Irish Water Spaniel
Breed Group: Sporting
True to his name, the Irish Water Spaniel loves water and is an excellent swimmer in addition to being a skilled hunter and retriever. A loving and devoted dog, he needs an active family who can provide the daily mental and physical stimulation he needs. He loves romping in a fenced yard and any opportunity for his favorite activity– swimming. Irish Water Spaniels are intelligent, alert and enthusiastic; they are also mischievous and natural clowns. Rowdy and exuberant when they are young, Irish Water Spaniels can become destructive if left alone for too long or do not receive enough exercise. They generally get along well with other pets in the household, although males may show aggression toward other male dogs. With appropriate socialization to control their zeal, Irish Water Spaniels can be live in a household with older children. Often reserved with strangers and never afraid to bark, they make an exceptional watchdog with many having protective instincts. They seem unusually adept at perceiving human moods and emotions. Some lines are timid and nervous.
The largest of the Spaniels, Irish Water Spaniels range in height from 22 to 24 inches and weigh between 55 and 65 pounds. His curly coat is solid brown with a distinctive purple hue. The curly outer “waterproof” coat is lined with a dense undercoat, which helps insulate the dog while he swims. They need to be brushed at least twice a week to avoid mats and with proper attention paid to grooming, they shed little if at all. To avoid infections, dry their ears carefully after swimming. The most distinguishing characteristic of the breed is their long “rat-like” tail, which contrasts with their curly coat. They thrive in temperatures associated with a temperate climate.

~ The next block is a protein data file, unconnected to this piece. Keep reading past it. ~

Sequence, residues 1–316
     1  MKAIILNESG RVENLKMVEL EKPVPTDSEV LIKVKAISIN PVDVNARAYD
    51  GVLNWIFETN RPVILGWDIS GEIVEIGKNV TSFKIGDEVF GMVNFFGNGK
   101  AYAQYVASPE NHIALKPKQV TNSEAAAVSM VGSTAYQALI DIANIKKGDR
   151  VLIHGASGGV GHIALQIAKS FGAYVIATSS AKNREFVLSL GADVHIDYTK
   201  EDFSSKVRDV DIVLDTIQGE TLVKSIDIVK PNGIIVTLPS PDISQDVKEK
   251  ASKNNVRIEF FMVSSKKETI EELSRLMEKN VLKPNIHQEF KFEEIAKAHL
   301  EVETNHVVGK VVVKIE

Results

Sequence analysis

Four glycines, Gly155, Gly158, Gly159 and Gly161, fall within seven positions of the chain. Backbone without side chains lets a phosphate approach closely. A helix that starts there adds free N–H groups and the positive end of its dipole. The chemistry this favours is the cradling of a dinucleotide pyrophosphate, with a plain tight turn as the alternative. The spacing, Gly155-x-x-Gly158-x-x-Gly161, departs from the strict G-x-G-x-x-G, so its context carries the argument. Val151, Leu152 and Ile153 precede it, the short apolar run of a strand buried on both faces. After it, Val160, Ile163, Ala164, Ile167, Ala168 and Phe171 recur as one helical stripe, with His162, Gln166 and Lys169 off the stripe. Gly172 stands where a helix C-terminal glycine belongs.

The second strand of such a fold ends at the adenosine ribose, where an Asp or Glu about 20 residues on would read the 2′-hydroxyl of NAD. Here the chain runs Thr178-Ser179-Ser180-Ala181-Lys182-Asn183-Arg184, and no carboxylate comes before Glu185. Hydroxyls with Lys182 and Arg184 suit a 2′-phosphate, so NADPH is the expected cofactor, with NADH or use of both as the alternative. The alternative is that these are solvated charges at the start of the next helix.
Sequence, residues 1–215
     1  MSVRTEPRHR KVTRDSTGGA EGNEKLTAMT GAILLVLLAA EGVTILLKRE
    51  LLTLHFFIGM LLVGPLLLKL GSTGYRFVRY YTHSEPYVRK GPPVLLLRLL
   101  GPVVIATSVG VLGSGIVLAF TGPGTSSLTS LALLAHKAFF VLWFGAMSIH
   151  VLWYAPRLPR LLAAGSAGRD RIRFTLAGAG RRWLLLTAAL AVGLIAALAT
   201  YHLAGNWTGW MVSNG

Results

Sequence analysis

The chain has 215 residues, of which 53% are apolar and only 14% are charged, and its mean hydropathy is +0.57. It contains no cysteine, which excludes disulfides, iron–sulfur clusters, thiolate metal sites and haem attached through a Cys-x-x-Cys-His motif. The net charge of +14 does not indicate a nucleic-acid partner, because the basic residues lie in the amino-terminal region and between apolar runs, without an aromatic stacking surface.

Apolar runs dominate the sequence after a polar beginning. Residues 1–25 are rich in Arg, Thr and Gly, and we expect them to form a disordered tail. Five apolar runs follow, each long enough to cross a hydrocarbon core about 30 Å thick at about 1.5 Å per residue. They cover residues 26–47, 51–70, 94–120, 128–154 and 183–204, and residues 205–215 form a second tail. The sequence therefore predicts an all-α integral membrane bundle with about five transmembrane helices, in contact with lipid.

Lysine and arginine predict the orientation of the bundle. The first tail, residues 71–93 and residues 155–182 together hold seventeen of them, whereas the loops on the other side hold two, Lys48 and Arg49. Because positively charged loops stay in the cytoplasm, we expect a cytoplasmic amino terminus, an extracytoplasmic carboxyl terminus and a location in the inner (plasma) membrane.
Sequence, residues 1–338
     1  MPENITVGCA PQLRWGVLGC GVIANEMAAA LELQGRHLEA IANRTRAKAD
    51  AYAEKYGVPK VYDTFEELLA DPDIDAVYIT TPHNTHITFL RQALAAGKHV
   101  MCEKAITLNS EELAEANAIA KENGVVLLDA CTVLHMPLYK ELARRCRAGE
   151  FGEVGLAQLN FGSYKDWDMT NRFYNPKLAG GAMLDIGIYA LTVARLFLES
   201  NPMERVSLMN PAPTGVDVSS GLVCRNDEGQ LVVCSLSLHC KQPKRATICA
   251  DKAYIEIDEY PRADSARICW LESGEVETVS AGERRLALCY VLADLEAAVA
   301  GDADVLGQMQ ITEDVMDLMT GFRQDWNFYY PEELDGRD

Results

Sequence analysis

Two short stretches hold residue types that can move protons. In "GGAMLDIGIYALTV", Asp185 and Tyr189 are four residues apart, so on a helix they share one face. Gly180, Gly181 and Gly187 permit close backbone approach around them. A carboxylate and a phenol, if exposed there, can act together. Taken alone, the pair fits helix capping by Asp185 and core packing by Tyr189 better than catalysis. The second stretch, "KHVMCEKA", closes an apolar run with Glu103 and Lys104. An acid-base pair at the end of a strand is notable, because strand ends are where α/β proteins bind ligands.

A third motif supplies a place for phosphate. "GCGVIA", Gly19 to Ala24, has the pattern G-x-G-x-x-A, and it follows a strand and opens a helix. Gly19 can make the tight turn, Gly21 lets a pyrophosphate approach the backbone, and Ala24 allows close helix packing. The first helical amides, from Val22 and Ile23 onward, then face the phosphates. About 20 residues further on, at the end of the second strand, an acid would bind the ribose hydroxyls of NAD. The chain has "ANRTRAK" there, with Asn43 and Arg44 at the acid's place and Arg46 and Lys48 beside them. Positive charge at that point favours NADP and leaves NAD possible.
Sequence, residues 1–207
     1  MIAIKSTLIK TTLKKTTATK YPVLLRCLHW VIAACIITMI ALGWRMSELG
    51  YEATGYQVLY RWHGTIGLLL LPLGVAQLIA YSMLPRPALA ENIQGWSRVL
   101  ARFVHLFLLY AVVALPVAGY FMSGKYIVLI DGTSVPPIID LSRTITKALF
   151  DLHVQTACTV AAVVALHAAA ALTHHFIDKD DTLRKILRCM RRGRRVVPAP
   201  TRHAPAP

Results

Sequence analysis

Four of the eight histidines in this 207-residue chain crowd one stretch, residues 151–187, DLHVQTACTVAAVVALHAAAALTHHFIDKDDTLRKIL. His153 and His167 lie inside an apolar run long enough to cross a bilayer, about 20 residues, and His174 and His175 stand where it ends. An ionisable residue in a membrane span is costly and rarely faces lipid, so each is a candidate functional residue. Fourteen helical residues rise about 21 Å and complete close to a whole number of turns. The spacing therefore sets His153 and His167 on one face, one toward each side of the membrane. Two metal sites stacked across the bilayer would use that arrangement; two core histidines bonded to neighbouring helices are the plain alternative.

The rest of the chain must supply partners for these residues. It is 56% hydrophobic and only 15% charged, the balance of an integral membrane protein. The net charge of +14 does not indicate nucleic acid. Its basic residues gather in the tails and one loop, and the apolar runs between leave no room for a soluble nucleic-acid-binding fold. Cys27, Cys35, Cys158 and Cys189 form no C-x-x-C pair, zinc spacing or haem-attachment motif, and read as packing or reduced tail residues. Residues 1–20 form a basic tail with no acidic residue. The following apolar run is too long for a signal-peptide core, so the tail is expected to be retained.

To reduce the chance for shyness, early socialization is essential. Exposure to other pets and children is also important, especially if they will be part of the family. Although of average intelligence, Irish Water Spaniels are somewhat of a challenge to train. While reasonably attentive and responsive, they are simultaneously both stubborn and independent. They need leadership and consistency provided by an assertive trainer who establishes himself early on as “alpha”. This training will likely need to be reinforced as the dog matures. Because of this, they are not a good choice for a passive or novice dog owner.
Irish Water Spaniel
Irish Water Spaniels are reasonably healthy but Hip Dysplasia affects about 1 in 6 dogs with Elbow Dysplasia impacting another 1 out of 8 animals. Ask about Hypothyroidism in the line before you commit to purchasing a puppy. The breed can have a life-threatening reaction to Ivermectin or any sulfa drug. Their life expectancy is 10 to 12 years.
The Irish Water Spaniel ranks 136th among the American Kennel Club breeds in popularity. With fewer than 200 dogs registered per year, they are a rare breed. To get a pup, prospective owners should expect to be put on a waiting list.
The Irish Water Spaniel has ancient roots in European water dogs; his closest relative is the Poodle. This breed has been well respected through history and is even mentioned by Shakespeare in the Two Gentlemen of Verona. The modern breed was developed in Ireland in the 1830s where it gained a reputation for retrieving in frigid water. During the 1800s they became popular as a duck hunter in the United States. The breed is classified as a retriever by the AKC which allows them to participate in field events.
The National (US) Breed Club is the Irish Water Spaniel Club of America.
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